Personally, you likely have plenty of reasons to consider divorce. Maybe you’re just not happy, you’ve fallen out of love or you feel like you and your spouse just resent each other and need a change.
But is “falling out of love” as valid a reason to seek a divorce as something like, “My spouse had an affair,” or “My spouse is an addict.” Do you need a specific, concrete reason to get a divorce? Does your reason even matter?
Texas has no-fault divorce, as do other states
The reason for a divorce used to matter greatly, in a historical sense, but modern Texas divorce laws allow for no-fault divorce. All 50 states have some form of no-fault divorce law in place, so no one has to look for a reason to end a marriage. Texas is no different.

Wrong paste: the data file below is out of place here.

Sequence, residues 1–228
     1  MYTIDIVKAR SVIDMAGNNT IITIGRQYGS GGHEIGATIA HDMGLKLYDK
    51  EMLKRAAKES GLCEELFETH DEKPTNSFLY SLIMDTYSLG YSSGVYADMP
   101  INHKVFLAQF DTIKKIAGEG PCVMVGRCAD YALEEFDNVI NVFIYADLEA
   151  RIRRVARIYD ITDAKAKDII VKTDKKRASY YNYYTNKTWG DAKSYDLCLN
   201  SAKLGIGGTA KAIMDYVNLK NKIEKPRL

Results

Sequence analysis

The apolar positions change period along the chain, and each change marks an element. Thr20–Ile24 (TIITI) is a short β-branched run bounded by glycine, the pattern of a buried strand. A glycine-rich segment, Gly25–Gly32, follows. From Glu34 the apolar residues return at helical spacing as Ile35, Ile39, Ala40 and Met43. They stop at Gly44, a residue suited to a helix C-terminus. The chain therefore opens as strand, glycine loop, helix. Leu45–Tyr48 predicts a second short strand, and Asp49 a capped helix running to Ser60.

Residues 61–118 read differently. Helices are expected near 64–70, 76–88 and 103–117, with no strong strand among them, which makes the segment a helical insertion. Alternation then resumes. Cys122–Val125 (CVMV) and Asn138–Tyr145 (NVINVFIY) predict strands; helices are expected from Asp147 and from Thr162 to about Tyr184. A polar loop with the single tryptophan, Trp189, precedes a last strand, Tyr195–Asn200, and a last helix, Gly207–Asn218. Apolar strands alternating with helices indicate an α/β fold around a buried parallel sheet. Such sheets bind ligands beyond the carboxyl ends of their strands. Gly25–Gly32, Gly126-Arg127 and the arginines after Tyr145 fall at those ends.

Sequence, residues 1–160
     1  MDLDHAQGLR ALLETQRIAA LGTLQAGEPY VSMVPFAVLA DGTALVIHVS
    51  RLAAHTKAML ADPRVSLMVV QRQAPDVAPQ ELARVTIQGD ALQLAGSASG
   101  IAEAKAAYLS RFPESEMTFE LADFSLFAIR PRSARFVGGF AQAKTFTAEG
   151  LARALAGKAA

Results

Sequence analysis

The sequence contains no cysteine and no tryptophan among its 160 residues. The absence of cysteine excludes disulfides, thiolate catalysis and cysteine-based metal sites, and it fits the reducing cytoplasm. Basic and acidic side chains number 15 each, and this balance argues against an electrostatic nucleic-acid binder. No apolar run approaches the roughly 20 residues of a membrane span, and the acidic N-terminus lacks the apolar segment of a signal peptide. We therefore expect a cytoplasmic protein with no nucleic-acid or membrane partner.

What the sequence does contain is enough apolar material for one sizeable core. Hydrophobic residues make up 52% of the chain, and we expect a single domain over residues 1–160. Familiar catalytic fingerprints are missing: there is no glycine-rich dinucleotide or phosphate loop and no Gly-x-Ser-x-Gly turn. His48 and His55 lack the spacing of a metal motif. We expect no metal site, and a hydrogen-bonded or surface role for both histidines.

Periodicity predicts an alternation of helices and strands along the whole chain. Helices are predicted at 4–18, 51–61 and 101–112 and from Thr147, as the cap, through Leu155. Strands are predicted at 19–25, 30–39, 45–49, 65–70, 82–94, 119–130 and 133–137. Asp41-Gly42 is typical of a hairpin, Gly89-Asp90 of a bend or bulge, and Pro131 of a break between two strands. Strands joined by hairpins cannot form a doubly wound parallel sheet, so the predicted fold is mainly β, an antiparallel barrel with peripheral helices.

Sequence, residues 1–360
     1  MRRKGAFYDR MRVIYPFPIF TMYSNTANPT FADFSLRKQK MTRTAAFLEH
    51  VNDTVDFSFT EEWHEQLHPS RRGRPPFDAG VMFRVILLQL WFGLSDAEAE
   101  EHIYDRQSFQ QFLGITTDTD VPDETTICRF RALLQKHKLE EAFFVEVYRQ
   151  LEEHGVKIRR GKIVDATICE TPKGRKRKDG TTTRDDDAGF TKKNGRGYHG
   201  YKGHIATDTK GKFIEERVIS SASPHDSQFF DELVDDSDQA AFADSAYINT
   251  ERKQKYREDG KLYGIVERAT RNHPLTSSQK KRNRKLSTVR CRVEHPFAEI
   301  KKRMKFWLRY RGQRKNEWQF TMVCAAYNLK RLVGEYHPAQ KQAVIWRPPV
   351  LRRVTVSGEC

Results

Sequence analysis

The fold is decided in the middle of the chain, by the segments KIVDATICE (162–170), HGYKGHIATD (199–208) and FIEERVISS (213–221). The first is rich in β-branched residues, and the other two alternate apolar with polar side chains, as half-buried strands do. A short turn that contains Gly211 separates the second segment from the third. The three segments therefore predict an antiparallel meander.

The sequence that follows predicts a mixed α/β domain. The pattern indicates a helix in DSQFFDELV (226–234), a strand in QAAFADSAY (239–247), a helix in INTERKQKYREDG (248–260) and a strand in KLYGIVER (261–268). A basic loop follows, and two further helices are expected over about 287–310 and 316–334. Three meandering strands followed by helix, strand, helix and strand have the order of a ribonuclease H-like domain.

This means you do not have to cast blame on one another, and so you don’t need a reason to end the marriage. You can merely claim that you and your spouse have your differences and want to dissolve the relationship.
That said, in a minority of states (17 out of 50), a no-fault divorce is the only option. Texas does still permit a fault-based divorce if you want, but you are not obligated to go that route. In your case, per the example above, this means you won’t need to. However, some people still want to declare fault, and they are not barred from doing so.
Getting the process started
The divorce process can be complex, even with these modern laws, so make sure you are aware of the legal steps needed to get the process started.